The right development of these octaves is based on what looks like an accident. It sometimes happens that octaves going nearly parallel to the given octave, intersecting or meeting it, in some way or another fill up its 'hiccups' and make it possible for the vibrations to develop in freedom and without checks. Observation of such rightly developing octaves establishes the fact that if at the necessary moment, that is, at the moment when the given octave passes through a 'hiccup', there enters into it an 'additional shock' which corresponds in force and character, it will develop further without hindrance along the original direction, neither losing anything nor changing its nature.

In such cases there is an essential difference between ascending and descending octaves.

In an ascending octave the first 'interval' comes between mi and fa. If corresponding additional energy enters at this point the octave will develop without hindrance to si, but between si and do it needs a much stronger additional shock for its right development than between mi and fa, because the vibrations of the octave at this point are of a considerably higher pitch, and so to overcome a check in the development of the octave a greater intensity is needed.

In a descending octave, on the other hand, the greatest 'interval' occurs at the very beginning of the octave, immediately after the first do, and the material for filling it is very often found either in do itself or in the lateral vibrations evoked by do. For this reason a descending octave develops much more easily than an ascending octave, and in passing beyond si it reaches fa without hindrance. Here an 'additional shock' is necessary, though considerably less strong than the first 'shock' between do and si.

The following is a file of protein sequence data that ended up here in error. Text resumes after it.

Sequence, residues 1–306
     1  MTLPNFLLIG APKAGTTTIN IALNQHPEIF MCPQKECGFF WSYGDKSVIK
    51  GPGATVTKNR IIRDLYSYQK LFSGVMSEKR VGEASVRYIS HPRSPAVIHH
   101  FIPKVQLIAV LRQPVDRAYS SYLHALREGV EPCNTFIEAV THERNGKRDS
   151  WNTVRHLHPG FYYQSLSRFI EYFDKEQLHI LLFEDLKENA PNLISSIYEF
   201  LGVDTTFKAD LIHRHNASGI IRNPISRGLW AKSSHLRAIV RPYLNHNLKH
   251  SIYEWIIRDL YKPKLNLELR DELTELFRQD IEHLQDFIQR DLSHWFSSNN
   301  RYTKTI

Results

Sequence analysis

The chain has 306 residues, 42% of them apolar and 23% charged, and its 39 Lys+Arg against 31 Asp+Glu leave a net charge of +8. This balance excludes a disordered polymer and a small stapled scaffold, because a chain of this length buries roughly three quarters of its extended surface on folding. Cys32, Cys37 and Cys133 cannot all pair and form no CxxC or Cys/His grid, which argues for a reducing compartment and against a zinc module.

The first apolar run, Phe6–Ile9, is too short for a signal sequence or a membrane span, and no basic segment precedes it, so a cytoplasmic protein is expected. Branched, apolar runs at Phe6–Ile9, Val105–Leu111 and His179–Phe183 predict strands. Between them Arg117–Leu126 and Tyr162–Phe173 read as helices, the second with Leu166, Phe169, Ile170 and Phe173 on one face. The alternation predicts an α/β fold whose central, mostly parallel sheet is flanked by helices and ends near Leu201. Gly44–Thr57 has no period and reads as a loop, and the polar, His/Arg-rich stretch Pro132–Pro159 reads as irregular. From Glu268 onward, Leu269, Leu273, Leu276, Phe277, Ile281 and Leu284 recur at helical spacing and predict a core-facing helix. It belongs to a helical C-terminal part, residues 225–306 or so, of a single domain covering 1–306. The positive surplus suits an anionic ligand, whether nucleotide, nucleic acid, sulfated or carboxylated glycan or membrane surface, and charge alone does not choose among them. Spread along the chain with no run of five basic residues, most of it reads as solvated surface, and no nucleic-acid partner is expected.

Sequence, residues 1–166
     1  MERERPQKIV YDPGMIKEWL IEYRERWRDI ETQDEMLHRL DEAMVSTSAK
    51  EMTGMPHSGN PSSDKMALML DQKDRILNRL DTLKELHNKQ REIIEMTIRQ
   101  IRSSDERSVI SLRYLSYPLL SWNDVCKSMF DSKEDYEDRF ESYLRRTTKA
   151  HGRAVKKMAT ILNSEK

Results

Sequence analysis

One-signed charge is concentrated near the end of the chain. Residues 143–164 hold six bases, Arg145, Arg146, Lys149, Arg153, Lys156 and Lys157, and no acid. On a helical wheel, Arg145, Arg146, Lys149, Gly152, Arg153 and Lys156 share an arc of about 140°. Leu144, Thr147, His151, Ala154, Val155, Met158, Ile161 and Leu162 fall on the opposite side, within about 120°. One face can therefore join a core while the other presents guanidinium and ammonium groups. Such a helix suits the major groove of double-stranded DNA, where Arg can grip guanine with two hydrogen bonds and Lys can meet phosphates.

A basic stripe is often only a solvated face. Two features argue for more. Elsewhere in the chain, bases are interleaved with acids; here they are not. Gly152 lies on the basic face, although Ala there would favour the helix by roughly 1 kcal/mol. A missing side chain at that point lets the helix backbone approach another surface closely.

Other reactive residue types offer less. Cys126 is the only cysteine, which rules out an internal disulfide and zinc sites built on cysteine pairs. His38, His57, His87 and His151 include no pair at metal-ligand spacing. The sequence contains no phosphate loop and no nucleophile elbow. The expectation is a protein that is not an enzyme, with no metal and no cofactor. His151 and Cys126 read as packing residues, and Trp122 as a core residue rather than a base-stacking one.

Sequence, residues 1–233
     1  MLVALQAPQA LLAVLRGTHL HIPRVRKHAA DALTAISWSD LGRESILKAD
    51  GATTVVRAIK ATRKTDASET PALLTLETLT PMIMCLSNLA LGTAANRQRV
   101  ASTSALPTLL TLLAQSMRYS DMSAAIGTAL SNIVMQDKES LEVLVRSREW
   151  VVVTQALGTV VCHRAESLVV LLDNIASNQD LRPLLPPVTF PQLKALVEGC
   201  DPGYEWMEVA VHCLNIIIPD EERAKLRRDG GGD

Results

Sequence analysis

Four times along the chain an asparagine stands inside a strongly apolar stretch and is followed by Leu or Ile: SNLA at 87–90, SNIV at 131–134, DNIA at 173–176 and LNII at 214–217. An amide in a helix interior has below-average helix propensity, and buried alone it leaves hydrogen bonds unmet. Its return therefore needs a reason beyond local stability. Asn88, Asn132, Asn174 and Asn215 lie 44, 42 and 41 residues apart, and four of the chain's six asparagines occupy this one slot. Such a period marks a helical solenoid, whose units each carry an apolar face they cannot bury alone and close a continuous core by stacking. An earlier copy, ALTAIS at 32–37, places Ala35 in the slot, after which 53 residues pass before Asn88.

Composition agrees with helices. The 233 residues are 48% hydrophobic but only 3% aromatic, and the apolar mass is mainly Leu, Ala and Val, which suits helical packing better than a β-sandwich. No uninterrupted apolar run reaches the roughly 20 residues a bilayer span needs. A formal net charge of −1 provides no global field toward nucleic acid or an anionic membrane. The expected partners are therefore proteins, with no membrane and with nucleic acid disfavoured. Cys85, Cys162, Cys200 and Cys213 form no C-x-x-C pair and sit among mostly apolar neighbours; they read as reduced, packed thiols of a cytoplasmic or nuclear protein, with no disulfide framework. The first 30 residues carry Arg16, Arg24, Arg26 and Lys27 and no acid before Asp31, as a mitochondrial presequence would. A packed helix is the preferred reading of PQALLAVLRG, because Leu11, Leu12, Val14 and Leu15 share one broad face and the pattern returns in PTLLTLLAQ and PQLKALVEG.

The Ray of Creation

In the big cosmic octave, which reaches us in the form of the ray of creation, we can see the first complete example of the law of octaves. The ray of creation begins with the Absolute. The Absolute is the All. The All, possessing full unity, full will, and full consciousness, creates worlds within Itself, in this way beginning the descending world octave. The Absolute is the do of this octave. The worlds which the Absolute creates in Itself are si. The 'interval' between do and si in this case is developed further by the force of the initial impulse and an 'additional shock'. Si passes into la which for us is our star world, the Milky Way. La passes into sol, our Sun, the solar system. Sol passes into fa — the planetary world.

Here, between the planetary world as a whole and our Earth, occurs a 'hiccup'. This means that the planetary radiations carrying various influences to the Earth are not able to reach it or, to speak more correctly, they are not received: the Earth reflects them. In order to overcome the 'hiccup' at this point of the ray of creation, a special apparatus is created for receiving and transmitting the influences coming from the planets. This apparatus is organic life on Earth. Organic life transmits to the Earth all the influences intended for it and makes possible the further development and growth of the Earth, mi of the cosmic octave, and then of the Moon, or re. After this follows another do — Nothing. Between All and Nothing passes the ray of creation.

You know the prayer "Holy God, Holy the Firm, Holy the Immortal'? This prayer comes from ancient knowledge. "Holy God" means the Absolute or All. "Holy the Firm" also means the Absolute or Nothing. "Holy the Immortal" signifies that which is between them, that is, the six notes of the ray of creation. All three taken together make one. This is the coexistent and indivisible Trinity.

Mechanical Man